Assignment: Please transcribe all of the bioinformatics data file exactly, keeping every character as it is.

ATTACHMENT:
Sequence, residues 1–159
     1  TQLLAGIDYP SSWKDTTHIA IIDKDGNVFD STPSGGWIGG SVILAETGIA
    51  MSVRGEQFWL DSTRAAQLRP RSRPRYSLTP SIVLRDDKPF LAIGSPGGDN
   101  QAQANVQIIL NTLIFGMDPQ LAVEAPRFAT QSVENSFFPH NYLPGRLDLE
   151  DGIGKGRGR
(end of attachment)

Sequence, residues 1–159
     1  TQLLAGIDYP SSWKDTTHIA IIDKDGNVFD STPSGGWIGG SVILAETGIA
    51  MSVRGEQFWL DSTRAAQLRP RSRPRYSLTP SIVLRDDKPF LAIGSPGGDN
   101  QAQANVQIIL NTLIFGMDPQ LAVEAPRFAT QSVENSFFPH NYLPGRLDLE
   151  DGIGKGRGR